Breathe In, Breathe Out

7 Ways To Protect Your Kids From Wildfire Smoke And Bad Air Quality

Children are especially vulnerable to wildfire smoke. Keeping them safe is crucial.

Lisa Trythall, of Salt Lake City, makes sandwiches for her children including son Luke Trythall (cen...
San Francisco Chronicle/Hearst Newspapers via Getty Images
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Smoke from the Canadian wildfires caught Northeasterners woefully unprepared earlier this month — and luckily the worst of it is over now. But that doesn’t mean it’s gone for good, for anyone in the U.S. The West sees wildfire smoke regularly, and last week parts of the Northern Plains and Midwest were hit hard, with Minneapolis reaching its worst air quality on record. And wildfire season hasn’t even peaked yet. Wildfires from Canada, and likely the Pacific Northwest, will continue to usher air quality concerns across the U.S. throughout the summer, with forecasts for this week raising concerns for the Upper Midwest, Great Lakes and Northeast.

This is a problem for everyone, but especially for older people and people with asthma — and kids. According to Children’s Hospital Colorado, children are particularly vulnerable to wildfire smoke because “Kids breathe faster, tend to be more active outdoors and, proportionally, take in more air for their body size than their parents do. Plus, their lungs are developing, which means poor air quality can have a long-term impact on their growth.”

The danger with wildfire smoke is that it contains incredibly small PM2.5 particles, which can get deep into the lungs via the eyes, nose, and throat. These particles can damage heart and lung health and increase the risk for infection of the airways.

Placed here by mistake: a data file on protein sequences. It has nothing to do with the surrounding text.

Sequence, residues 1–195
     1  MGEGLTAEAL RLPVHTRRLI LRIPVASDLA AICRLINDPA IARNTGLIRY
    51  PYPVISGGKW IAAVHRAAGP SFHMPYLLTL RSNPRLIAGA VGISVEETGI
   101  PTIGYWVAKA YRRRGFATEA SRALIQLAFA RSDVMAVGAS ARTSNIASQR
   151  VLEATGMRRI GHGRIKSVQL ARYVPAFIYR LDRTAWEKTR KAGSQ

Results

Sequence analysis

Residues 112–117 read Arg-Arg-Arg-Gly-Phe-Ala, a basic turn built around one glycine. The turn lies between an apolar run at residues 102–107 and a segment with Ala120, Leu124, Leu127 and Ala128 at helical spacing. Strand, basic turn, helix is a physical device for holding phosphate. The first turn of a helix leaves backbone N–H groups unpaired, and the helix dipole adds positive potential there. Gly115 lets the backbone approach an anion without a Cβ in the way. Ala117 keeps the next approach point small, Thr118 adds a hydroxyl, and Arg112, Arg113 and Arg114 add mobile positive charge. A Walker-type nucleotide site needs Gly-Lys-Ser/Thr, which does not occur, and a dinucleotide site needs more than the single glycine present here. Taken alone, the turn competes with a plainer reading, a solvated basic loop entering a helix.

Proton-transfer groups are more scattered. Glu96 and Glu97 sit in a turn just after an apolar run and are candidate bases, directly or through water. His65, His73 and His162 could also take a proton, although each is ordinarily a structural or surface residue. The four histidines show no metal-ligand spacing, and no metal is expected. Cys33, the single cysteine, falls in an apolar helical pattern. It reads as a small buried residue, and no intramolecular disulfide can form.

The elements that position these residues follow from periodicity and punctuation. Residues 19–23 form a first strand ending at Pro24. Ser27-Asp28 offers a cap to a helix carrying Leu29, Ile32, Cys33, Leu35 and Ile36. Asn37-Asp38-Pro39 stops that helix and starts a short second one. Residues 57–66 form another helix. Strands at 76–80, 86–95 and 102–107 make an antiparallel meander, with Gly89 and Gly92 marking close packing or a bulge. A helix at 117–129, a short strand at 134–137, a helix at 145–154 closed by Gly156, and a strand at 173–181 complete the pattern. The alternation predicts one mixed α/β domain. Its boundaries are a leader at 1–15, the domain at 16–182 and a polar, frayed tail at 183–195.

You were caught by surprise before. If your kids were exposed, don’t beat yourself up. But although one-time exposure can cause issues, it’s repeated exposure that presents the real problem for kids developing long-term health problems. So take this opportunity to prepare for the future with these seven steps, for when wildfire smoke comes around again. Because it will happen again.

1. Download The Airnow App

Airnow is an air quality app run by the Environmental Protection Agency. If you want a simple, reliable, easy-to-interpret air quality app, this is the one. Airnow lets you enter a location and gives you the air quality is in terms of AQI — and whether that’s Good, Moderate, Unhealthy for Sensitive Groups, Unhealthy, Very Unhealthy, or Hazardous — and in terms of PM2.5 and ozone in particular. The app also provides a forecast for the next day, so you can plan activities accordingly, and it gives recommendations on whether you should limit your activities outdoors. You can save multiple locations for ease of use, and the Map function allows you to see the air quality in surrounding areas.

Airnow includes a Smoke feature that details the risks from wildfire smoke where you are and in North America as a whole. It can also show you where large wildfires are currently burning. The app also comes in website form if you don’t have space for yet another app on your phone.

2. Find N95s That Fit

The best type of mask to protect yourself from wildfire smoke is a respirator, such as an N95.